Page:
Don't lose your passion, no matter what happens. I can totally understand why this would be upsetting. IMO, your best move is to keep writing and keep researching and keep honing your craft. Best of luck!
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Old 01-06-2009, 04:52 PM
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An editor/agent might like your writing style but not have need of that subject. Then they'll ask if you have something else you can show them.
That has probably never happened ever, actually.

BUT, it's certainly a good idea to write a couple of things before you give up on selling the first one and blame it on the system. AND, by they you'll be older. AND, if you do it right, better.
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Old 01-07-2009, 01:32 PM
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Actually, I rather doubt that most teen authors have publisher parents. Wold be nice though.
Not most teen authors in general, but most teen authors who become very sucessful right away.
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Old 01-07-2009, 02:04 PM
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Well, reading this has been, well, enlightening, I guess. I guess I'd best not try to submit my manuscript until I turn 18. Luckily I won't be needing to start trying until then. I guess I'll have to get another manuscript ready before I start agent hunting as well. Publishers not wanting to take young authors doesn't surprise me at all. People definitely judge you based on age today and let's face it, people don't expect great things from young authors. But I guess in the digital age, you can always keep your manuscript file handy, occasionally making revisions as you grow as a writer, and who knows, when you are the right age, it might be considered for publication.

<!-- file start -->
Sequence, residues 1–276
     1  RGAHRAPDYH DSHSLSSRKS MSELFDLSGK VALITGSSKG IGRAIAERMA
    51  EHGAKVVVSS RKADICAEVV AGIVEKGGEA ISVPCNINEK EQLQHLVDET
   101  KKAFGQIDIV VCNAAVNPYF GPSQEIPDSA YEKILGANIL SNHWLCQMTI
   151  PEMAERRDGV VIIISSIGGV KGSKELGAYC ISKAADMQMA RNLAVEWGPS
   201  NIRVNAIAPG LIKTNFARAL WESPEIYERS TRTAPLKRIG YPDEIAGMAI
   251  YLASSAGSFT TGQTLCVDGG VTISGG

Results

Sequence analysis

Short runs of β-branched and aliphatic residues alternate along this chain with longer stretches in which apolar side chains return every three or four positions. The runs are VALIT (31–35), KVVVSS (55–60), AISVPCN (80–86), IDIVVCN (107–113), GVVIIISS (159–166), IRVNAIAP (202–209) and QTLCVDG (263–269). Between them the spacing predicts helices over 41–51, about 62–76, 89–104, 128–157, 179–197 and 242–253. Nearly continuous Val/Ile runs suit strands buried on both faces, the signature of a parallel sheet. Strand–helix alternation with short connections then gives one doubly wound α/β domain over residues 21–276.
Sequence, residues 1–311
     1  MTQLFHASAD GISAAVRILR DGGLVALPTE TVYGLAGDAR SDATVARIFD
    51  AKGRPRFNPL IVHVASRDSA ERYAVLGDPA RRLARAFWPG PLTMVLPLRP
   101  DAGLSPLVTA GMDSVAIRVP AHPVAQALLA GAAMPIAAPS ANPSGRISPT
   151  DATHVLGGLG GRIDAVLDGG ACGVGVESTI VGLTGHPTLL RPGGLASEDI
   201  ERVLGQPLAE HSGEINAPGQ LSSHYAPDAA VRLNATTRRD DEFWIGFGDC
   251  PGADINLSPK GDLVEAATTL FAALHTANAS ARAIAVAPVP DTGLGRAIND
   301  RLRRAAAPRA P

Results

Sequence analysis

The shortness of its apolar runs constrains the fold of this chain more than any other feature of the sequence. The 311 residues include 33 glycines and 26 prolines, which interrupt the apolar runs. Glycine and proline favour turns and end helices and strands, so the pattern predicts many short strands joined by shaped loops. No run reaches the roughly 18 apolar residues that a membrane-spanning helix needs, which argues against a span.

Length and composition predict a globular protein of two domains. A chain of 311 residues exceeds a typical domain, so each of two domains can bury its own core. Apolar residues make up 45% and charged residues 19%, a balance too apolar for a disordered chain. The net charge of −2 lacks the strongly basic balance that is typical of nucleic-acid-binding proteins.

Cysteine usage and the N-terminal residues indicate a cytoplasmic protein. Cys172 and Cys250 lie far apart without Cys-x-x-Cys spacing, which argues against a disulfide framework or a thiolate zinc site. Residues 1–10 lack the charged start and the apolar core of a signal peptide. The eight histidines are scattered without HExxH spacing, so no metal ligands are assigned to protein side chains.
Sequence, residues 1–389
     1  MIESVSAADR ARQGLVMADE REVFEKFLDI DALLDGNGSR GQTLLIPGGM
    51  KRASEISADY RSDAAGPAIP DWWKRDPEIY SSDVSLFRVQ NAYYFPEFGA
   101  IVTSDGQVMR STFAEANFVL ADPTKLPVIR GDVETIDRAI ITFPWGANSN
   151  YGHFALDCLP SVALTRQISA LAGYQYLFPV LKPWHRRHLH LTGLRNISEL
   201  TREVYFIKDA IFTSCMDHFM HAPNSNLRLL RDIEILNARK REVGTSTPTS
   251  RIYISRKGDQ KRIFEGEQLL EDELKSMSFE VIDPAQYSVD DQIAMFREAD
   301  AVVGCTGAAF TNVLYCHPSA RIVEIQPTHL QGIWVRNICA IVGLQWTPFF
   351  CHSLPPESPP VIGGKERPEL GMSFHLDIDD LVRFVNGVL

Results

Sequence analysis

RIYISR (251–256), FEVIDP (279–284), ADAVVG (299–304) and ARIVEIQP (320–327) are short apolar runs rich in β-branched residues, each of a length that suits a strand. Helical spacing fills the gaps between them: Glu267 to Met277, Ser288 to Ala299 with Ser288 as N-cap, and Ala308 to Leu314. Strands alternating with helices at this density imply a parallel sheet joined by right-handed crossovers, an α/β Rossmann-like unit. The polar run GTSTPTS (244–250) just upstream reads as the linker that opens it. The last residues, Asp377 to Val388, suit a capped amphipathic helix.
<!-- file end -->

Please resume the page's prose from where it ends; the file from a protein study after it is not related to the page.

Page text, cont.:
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Old 01-07-2009, 02:51 PM
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Not most teen authors in general, but most teen authors who become very sucessful right away.
You have mentioned two. I can think of many more that don't fall into that category. SE Hinton, for example.

I don't advise trying to get published by changing parents, nor giving up if your folks don't run a publishing house.
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Old 01-07-2009, 07:42 PM
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Not most teen authors in general, but most teen authors who become very sucessful right away.
Along with Lin's statement, having a parent that owns a publishing press that small is basically the same as self-publishing. Unless, of course, you go and do the things that Paolini did. He ordered a lot. Did book signings at local areas. Did the cover art, etc. all himself. Pretty much managed it himself. And only because he was picked up by a publishing company, and a big one, is his work largely known.
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Old 01-08-2009, 10:44 AM
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Discrimination against anyone unable to be bound by legal agreement is going to happen in an industry that requires you to sign a binding contract. Call them back when you are 18 and legal.
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Old 01-08-2009, 11:15 AM
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It's pretty hard to weed out "discrimation" from the selection process in publishing, and the arts in general.

My feeling, it is ALWAYS better to avoid thinking you're being unfairly discriminated against--which is something beyond your control--rather than the idea that you will improve in time--which is something you CAN work on.

Writing, more than any other field of the arts, relies heavily on personal experience and wisdom. It's inevitable that it will skew towards older writers.

Everybody is saying the same thing, essentially. Forget the issues, just write, bide your time, and make the most of that time.